17 June 2004 Towards ultrahigh-density multilayer disk recording by two-photon absorption
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Abstract
Advances in healthcare imaging products and multimedia entertainment systems are demanding higher media capacity (TB/disk) and faster data transfer speeds (lGb/s) from future removable disk based data storage systems. One promising direction to satisfy these requirements with low cost systems is the use of optical volumetric multi-layer disk media. At Call/Recall we have demonstrated the scalability of two-photon recordable photochromic doped polymeric Write Once Read Many (WORM) disk media to more than 1 00 layers with negligible interlayer crosstalk and excellent stability of the written bits"2'3'4'5'6. The media employed in our WORM system, consist ofphotochromic organic molecules designed and synthesized so that they change their structure, upon excitation at the absorption band of the molecule5'7'8'9'. A spot is written in the volume of the medium only at points of temporal and spatial intersection of two photons with sufficient energy to record by altering the structure of the photochromic molecule. A high power short pulse laser beam is tightly focused for recording. Recording occurs only within a small volume around the focus of the laser beam due to twophoton absorption. The recording response ofthe material follows the square ofthe optical system point spread ftinction (PSF) resulting in a recorded bit size that is 30% less than the Rayleigh criterion PSF. The recorded bits are read by fluorescence when excited by suitable optical radiation absorbed within the written spot volume. The doped polymer media is low cost, flexibly shaped and molded, and its properties may be customized (by changing the dopant molecules) to match evolving application and technology requirements. We had previously reported bit dimensions of 0.5 x0.5x4.5jim 2 withNA 0.75 and 532nm wavelength exhibiting raw bit-error rates (BER) of iO'. Here we show a ftjrther decrease in the bit size to 0.4 x 0.4 x 2jtm with a higher NA1 .4 objective lens at 532nm wavelength, resulting in ultra high density volumetric disk recording using up to 100 layers and providing a potential for 400bits4im2 "effective area! density". This paper discusses the theory and approach as well as experimental results we used and obtained to demonstrate the feasibility of high NA recording of volumetric multilayer disks by two photon absorption.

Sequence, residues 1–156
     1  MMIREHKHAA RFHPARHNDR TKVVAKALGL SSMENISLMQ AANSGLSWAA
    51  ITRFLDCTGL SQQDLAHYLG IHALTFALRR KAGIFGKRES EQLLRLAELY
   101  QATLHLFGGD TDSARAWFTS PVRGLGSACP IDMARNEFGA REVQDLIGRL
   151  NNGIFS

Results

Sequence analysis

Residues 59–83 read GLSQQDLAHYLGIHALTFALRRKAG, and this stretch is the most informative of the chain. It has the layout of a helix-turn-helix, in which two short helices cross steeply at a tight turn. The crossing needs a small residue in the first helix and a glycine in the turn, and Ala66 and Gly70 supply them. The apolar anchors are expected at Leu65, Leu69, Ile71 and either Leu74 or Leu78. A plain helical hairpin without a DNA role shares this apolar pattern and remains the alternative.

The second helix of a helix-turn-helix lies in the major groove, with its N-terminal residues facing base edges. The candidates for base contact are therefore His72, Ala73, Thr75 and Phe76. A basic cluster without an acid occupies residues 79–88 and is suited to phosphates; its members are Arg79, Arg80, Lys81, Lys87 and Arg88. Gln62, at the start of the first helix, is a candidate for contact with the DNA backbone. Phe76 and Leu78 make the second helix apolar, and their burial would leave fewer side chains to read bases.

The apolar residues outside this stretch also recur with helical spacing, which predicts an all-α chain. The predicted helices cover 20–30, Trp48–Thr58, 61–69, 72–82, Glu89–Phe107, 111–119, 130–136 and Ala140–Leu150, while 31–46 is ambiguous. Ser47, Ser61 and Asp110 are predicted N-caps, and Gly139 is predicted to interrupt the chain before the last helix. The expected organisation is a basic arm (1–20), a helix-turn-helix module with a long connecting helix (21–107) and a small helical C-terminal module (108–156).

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Yi Zhang, Alexandr S. Dvornikov, Yoshi Taketomi, Edwin P. Walker, Peter M. Rentzepis, Sadik C. Esener, "Towards ultrahigh-density multilayer disk recording by two-photon absorption", Proc. SPIE 5362, Advanced Optical and Quantum Memories and Computing, (17 June 2004); doi: 10.1117/12.543253; https://doi.org/10.1117/12.543253
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